The EGNOS operations user support website is now online. This new facility aims to provide EGNOS users with up to date information concerning EGNOS operations and the status of the Signal-in-Space.
EGNOS, the European Geostationary Navigation Overlay Service, is Europe’s first step in satellite navigation, paving the way for Galileo.
The EGNOS operations user support website (accessible from ‘Related links’ at the right of this page) is operated by the EGNOS mission operations support facility located in Torrejon, Spain.
The website provides information regarding the Signal-in-Space broadcasting plans, which is updated on a weekly basis, and details of outages and expected recovery times – including a notification service for registered users. EGNOS navigation performance data, Signal-in-Space format issues and EGNOS configuration information are also available. Answers to general questions are online along with an EGNOS operations helpdesk service.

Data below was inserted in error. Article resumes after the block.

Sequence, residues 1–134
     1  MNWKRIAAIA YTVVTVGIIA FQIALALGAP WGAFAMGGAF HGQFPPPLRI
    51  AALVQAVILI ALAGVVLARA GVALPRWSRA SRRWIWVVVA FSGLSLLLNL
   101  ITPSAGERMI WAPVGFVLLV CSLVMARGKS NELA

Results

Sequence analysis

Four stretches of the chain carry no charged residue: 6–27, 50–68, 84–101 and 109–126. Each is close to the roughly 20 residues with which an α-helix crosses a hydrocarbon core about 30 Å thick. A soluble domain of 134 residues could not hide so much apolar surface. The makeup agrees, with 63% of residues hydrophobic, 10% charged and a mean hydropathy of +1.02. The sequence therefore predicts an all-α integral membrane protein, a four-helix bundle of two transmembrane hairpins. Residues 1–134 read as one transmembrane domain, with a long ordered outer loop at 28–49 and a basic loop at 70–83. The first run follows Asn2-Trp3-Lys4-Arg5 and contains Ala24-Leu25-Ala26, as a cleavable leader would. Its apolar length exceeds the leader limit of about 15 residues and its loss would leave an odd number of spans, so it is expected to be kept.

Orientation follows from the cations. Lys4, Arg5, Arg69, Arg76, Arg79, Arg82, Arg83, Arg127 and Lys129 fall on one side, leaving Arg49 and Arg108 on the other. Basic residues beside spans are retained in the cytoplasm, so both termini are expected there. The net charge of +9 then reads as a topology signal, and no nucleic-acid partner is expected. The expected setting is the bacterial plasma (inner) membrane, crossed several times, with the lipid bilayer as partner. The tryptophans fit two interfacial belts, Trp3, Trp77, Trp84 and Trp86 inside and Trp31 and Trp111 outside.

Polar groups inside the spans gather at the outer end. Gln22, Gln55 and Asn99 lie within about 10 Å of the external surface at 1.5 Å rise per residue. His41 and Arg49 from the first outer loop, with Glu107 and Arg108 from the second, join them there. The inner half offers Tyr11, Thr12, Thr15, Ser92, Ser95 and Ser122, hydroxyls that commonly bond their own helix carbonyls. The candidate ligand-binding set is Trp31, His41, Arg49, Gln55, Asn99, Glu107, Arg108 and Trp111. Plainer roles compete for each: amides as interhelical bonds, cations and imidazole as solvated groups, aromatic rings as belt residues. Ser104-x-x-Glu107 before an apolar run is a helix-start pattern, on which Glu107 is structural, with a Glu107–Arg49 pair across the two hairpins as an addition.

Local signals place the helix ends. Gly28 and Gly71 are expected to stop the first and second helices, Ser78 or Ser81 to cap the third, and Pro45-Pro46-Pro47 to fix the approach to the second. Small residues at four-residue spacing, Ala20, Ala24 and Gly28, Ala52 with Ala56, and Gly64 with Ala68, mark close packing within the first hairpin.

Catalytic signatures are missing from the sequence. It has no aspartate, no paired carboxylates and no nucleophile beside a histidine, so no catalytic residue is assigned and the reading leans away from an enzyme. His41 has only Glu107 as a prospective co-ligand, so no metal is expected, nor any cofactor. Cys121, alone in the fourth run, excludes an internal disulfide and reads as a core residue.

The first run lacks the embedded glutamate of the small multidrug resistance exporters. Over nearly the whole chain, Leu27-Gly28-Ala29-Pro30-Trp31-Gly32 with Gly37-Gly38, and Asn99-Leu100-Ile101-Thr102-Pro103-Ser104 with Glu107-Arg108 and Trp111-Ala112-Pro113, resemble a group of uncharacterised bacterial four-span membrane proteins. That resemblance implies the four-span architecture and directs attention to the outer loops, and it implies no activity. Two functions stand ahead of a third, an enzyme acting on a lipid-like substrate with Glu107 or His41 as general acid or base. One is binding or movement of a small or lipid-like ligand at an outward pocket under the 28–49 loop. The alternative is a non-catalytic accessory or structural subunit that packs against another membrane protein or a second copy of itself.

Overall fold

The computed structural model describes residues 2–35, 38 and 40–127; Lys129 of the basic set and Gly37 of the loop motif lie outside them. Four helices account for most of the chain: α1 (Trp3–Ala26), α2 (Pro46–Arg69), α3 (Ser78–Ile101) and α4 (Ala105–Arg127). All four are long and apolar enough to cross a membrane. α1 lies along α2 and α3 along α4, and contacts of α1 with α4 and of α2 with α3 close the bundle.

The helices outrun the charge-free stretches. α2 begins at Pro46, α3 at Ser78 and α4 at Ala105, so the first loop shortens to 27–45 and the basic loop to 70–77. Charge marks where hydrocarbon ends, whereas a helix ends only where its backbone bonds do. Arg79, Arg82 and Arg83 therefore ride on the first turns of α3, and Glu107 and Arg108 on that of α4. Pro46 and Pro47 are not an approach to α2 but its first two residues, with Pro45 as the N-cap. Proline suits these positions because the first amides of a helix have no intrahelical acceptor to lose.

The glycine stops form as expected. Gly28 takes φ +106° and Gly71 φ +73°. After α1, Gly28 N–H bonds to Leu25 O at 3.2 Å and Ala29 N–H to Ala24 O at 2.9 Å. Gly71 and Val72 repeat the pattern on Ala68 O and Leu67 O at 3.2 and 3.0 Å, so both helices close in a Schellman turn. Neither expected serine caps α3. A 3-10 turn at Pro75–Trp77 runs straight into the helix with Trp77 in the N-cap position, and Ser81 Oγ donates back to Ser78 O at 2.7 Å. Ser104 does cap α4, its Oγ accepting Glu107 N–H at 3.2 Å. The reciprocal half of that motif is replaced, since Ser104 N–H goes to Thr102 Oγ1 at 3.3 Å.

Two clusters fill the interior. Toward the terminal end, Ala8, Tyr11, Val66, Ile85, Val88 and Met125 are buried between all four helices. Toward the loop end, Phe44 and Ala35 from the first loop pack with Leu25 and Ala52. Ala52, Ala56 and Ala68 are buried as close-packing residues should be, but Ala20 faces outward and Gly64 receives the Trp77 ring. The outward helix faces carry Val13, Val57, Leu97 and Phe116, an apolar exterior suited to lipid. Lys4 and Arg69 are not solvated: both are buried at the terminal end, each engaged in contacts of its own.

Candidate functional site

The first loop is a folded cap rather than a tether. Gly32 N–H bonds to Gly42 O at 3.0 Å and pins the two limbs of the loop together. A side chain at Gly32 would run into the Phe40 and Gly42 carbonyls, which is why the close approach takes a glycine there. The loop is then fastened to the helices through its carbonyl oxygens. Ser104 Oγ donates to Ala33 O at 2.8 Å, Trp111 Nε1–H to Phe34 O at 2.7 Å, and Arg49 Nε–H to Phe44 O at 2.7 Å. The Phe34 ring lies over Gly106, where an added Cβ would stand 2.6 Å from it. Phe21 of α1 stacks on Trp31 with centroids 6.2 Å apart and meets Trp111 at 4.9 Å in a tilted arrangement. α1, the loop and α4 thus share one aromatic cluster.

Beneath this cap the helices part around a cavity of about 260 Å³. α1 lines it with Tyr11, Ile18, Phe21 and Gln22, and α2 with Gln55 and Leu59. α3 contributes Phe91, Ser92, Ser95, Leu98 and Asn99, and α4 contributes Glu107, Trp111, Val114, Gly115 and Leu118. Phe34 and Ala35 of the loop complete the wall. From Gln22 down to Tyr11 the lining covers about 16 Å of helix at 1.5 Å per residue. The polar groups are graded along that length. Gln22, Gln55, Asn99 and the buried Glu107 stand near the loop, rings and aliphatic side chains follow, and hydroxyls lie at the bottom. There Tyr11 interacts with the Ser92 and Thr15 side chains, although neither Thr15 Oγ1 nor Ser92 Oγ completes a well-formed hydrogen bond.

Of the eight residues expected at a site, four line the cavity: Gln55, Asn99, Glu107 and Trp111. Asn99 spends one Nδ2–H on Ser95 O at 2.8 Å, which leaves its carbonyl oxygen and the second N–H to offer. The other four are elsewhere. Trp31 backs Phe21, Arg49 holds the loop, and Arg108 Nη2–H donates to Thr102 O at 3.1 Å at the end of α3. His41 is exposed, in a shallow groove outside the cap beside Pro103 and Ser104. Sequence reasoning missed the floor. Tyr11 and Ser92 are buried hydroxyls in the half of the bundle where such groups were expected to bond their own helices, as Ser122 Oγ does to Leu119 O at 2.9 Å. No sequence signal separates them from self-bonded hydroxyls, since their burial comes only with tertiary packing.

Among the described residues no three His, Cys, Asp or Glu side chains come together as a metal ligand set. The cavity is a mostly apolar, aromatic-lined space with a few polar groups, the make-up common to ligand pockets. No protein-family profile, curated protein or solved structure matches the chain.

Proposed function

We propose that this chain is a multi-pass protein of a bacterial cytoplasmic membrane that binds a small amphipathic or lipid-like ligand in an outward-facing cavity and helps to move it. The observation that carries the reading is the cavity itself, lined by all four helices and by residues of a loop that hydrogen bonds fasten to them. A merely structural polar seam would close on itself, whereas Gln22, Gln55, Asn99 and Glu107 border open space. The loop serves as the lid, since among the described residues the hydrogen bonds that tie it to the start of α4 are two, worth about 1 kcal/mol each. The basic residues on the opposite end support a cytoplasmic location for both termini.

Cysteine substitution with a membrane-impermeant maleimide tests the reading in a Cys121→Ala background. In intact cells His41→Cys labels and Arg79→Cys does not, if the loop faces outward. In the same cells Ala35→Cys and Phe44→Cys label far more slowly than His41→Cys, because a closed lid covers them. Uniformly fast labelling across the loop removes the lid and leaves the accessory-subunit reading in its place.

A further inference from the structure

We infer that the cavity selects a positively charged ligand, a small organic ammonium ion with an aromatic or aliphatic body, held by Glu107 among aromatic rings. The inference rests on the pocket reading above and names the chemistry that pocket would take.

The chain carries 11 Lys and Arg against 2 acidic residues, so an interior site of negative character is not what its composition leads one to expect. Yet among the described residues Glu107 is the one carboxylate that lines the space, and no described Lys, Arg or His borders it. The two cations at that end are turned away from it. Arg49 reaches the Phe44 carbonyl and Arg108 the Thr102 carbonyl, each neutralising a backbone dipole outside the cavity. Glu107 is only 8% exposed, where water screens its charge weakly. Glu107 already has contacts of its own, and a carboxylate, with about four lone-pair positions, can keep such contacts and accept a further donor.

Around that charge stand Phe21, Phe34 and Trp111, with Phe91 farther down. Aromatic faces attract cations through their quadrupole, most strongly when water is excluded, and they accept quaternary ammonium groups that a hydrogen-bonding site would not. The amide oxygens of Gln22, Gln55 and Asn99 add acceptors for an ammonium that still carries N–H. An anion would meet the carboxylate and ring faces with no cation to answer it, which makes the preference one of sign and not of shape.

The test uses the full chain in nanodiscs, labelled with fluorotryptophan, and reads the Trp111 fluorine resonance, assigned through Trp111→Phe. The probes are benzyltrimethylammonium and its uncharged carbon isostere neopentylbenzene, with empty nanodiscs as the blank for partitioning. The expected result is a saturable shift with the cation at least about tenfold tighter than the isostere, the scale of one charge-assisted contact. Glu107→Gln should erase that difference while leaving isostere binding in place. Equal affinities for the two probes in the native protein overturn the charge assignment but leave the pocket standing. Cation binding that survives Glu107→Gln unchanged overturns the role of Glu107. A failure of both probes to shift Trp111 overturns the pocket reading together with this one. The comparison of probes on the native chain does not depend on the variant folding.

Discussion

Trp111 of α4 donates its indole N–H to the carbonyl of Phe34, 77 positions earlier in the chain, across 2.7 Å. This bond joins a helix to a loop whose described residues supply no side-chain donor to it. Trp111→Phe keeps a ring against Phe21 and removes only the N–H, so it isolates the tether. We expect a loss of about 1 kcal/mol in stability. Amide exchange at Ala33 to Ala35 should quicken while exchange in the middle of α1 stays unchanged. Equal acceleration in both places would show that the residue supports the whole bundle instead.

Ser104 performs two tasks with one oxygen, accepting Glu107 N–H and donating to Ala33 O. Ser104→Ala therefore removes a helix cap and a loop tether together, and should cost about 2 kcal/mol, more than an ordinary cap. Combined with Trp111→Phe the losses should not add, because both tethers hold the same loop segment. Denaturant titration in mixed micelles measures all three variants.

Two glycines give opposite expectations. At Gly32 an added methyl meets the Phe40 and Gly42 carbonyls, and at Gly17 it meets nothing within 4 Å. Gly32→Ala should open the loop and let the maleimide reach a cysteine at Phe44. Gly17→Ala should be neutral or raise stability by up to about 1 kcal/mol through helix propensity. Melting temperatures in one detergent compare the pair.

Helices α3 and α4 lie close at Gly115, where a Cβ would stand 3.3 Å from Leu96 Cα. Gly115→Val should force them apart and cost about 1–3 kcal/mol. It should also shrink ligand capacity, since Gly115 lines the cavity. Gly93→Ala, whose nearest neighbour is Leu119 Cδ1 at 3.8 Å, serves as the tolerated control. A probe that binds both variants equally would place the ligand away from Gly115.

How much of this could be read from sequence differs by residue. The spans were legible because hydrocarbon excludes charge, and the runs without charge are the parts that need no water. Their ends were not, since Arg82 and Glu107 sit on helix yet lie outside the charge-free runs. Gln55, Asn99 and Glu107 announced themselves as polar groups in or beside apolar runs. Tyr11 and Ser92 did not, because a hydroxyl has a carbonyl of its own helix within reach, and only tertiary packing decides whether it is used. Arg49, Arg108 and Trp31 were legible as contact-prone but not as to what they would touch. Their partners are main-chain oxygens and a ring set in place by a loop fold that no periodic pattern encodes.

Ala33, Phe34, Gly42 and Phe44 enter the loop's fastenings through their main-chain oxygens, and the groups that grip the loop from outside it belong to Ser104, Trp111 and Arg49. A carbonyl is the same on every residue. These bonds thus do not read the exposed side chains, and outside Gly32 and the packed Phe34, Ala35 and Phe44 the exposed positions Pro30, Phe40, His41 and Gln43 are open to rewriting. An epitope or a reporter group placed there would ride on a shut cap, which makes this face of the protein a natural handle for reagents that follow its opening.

The operations helpdesk will also answer EGNOS users’ requests concerning system operations. Questions can be submitted to the helpdesk via the operations user web site or directly by e-mail to email@example.com.
Access to EGNOS system operation information will be beneficial for both satellite navigation professionals and private users, improving the visibility of the signal broadcast schedule, supporting the planning of trials and test activities and reporting the latest system performance data. For more than six months the EGNOS Signal-in-Space has been stabilised with an average availability above 95% and, for example in March 2007, the availability was well above 99%.
This important step in facilitating the use of EGNOS is being undertaken in the frame of the Initial Operations Phase which ESA has contracted to the European Satellite Service Provider (ESSP), a company jointly owned by the major European civil aviation agencies: AENA (Spain), DFS (Germany), DSNA (France), ENAV (Italy), NATS (United Kingdom), NAV (Portugal) and Skyguide (Switzerland).
EGNOS is a joint programme of ESA, the European Commission and Eurocontrol. It is made up of a network of more than forty elements all over Europe that collect, record, correct and improve data from the US Global Positioning System (GPS). The modified signals are then relayed via geostationary satellites to user's terminals, offering a positional accuracy of better than two metres, compared with 15 to 20 metres for GPS alone. In addition, EGNOS gives a guarantee of quality for these signals that GPS, a military system, does not provide.